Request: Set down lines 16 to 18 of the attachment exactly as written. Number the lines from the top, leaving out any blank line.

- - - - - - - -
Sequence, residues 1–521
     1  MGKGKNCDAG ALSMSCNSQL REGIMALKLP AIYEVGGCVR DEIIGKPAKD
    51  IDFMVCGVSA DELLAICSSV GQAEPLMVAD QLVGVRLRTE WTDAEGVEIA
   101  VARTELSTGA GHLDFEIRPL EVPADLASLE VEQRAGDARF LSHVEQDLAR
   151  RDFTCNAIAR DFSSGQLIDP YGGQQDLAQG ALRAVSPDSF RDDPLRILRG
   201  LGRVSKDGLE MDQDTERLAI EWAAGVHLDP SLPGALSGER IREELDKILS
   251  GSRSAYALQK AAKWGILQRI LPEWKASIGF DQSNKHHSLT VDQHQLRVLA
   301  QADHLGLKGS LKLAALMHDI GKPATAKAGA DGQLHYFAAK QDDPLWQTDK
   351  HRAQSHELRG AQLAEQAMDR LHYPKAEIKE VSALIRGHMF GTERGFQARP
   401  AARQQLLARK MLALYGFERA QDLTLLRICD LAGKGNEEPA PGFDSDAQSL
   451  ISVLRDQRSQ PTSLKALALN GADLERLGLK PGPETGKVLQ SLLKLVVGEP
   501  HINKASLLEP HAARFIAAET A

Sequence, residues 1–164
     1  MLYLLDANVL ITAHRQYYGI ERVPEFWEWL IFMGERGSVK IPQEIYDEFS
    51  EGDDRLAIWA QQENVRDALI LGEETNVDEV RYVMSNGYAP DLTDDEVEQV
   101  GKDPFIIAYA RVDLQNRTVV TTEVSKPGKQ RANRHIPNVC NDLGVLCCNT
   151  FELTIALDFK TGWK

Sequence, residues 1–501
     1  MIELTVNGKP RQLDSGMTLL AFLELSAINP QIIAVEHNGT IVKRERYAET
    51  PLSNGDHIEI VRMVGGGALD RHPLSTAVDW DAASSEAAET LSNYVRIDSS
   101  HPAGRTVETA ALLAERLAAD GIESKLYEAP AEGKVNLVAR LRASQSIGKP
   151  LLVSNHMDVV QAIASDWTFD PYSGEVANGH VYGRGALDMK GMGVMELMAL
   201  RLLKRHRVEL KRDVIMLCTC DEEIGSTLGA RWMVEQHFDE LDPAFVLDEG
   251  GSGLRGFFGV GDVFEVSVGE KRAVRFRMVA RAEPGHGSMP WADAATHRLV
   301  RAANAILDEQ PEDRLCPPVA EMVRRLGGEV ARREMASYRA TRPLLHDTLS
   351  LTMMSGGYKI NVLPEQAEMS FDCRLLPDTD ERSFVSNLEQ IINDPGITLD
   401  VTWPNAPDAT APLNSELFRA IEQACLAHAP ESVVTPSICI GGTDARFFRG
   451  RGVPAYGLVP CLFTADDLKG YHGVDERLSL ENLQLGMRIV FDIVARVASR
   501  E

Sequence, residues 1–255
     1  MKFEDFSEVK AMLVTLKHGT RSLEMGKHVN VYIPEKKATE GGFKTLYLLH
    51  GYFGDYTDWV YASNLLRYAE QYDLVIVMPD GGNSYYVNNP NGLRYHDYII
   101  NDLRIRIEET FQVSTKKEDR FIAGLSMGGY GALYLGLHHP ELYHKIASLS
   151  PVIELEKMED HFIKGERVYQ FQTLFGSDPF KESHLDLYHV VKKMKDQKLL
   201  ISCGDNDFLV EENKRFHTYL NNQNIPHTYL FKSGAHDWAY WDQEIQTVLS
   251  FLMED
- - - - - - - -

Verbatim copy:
   101  GKDPFIIAYA RVDLQNRTVV TTEVSKPGKQ RANRHIPNVC NDLGVLCCNT
   151  FELTIALDFK TGWK

Sequence, residues 1–501